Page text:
2. Silicon-Based Slides

Silicon-based materials are of great interest in the development of optical sensors. In particular, slides made of SiO2, both glass and quartz, allow surface modifications with silanes helping to anchor the polymer and other molecules to the surface and the functionalization of the sensor. Moreover, their transparency makes them an excellent waveguide and window for interrogation with a multitude of spectroscopic techniques [8]
It is common to functionalize the surface of the support with double bonds so that the polymer remains attached after the reaction. In the case of SiO2, silanes containing this functionality are widely used, such as 3-(trimethoxysilyl)-propyl-methacrylate (MPS) [9]. Chang et al. [8] described a fluorescent sensor chip for indole-3-butyric acid. Pre-polymerization mixture was poured over a quartz chip previously silanized with MPS to obtain a MIP coating. With this sensor extraction recoveries were observed to be higher than 91% at μg g−1 concentration level. In the cross-reactivity studies it was found that structural analogues were recognized by MIP, albeit in a lower proportion than analyte, demonstrating the influence of shape on selectivity. This chip was designed to be used in an online system as a flow cell.

3. Other Conductive Substrates

Electrodes based on metals, semiconductors and carbon derivatives have gained great importance in recent years in the development of sensors based on MIPs. Although their use has always been relegated to the development of electrochemical sensors it is possible to use them as optical sensors due to electrochemiluminescence (ECL) [10], a kind of luminescence in which radiative emission is obtained from an electrochemical reaction in solution. This method requires no irradiation and problems such as scattering or light source instability are avoided. Moreover, ECL affords the electrochemical regeneration of some reactants at the electrode surface and emission in ECL occurs near the electrode surface, which affords finer control [11]. It is worth to state that in this type of sensors a light-emitting species are necessary by means of the participation in an electrochemical reaction. The most common are luminol and Ru complexes, such as tris(2,2′-bipyridine)ruthenium(ii) complex, [Ru(bpy)3]2+ [12], although other elements such as quantum dots (QDs) [13] or up-conversion nanoparticles (UCNPs) are currently being applied [14].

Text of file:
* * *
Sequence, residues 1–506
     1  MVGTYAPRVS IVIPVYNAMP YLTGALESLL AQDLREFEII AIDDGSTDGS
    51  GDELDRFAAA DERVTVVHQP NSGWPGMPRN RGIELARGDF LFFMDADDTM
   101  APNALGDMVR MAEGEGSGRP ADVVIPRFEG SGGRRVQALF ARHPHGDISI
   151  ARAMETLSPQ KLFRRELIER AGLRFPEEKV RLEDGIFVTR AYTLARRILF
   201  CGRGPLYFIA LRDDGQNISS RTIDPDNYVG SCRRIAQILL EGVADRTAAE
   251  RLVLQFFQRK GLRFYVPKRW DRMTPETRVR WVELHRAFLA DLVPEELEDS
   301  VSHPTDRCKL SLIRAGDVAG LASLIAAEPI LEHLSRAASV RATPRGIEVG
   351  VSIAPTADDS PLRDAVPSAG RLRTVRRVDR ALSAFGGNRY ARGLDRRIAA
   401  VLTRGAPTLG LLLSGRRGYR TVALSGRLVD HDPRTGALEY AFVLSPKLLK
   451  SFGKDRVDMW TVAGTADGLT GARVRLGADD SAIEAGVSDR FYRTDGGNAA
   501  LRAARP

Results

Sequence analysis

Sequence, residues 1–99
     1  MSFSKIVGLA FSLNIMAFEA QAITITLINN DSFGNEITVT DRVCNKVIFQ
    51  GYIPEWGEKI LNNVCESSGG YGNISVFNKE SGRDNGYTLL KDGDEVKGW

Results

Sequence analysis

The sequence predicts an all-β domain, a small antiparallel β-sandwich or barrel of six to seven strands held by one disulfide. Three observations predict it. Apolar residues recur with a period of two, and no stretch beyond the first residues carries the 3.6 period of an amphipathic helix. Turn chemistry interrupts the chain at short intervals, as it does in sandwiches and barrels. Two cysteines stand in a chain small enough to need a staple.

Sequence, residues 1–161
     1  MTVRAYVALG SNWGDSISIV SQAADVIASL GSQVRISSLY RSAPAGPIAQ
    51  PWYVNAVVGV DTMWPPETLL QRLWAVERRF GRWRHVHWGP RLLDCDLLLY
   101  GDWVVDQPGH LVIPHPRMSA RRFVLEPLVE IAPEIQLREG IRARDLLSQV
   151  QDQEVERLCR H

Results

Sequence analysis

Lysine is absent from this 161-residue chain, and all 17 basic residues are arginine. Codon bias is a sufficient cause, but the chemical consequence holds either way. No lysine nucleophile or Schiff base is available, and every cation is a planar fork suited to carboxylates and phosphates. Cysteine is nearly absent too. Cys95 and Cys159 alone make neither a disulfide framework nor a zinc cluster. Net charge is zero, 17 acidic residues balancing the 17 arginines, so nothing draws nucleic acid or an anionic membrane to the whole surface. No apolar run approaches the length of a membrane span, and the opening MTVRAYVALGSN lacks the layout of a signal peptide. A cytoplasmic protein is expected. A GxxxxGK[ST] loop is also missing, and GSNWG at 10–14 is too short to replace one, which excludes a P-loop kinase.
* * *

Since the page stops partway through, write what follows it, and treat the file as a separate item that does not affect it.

Due to the very nature of the support material, the most commonly used technique for the generation of polymer films is electropolymerization, in which the precursor mixture is deposited on partially conductive substrates, generating the MIP layer by applying an electric current. The monomers must polymerize after the application of certain voltages, although it is also common to use linear copolymers π-conjugated that interact with the template and favour electrical conductivity [15]. However, it is possible to apply other techniques for the development of sensors, such as direct deposition of the MIP on the electrode, polymerization of the material after depositing the pre-polymerization mixture on it or mixing the MIP physically with the electrode material. 
One approach is the incorporation of the electroluminescent species into the electrode itself [16]. They prepared a [Ru(bpy)3]2+/MWCNTs/nano-TiO2-Nafion electrode on which the MIP selective to bisphenol A was deposited. Including MWCNTs/nano-TiO2 nanohybrids into the Nafion film could provide an excellent basis for effective immobilized [Ru(bpy)3]2+ and improve the electrochemical and ECL properties of the complex. This sensor achieved a low detection limit, the best to date for the analyte compare with other analytical methods and showed that there was no cross-reactivity regarding other endocrine disrupters, demonstrating its applicability in water samples.


  1. Chen, B.; Liu, C.; Xie, Y.; Jia, P.; Hayashi, K. Localized surface plasmon resonance gas sensor based on molecularly imprinted polymer coated au nano-island films: Influence of nanostructure on sensing characteristics. IEEE Sens. J. 2016, 16, 3532–3540.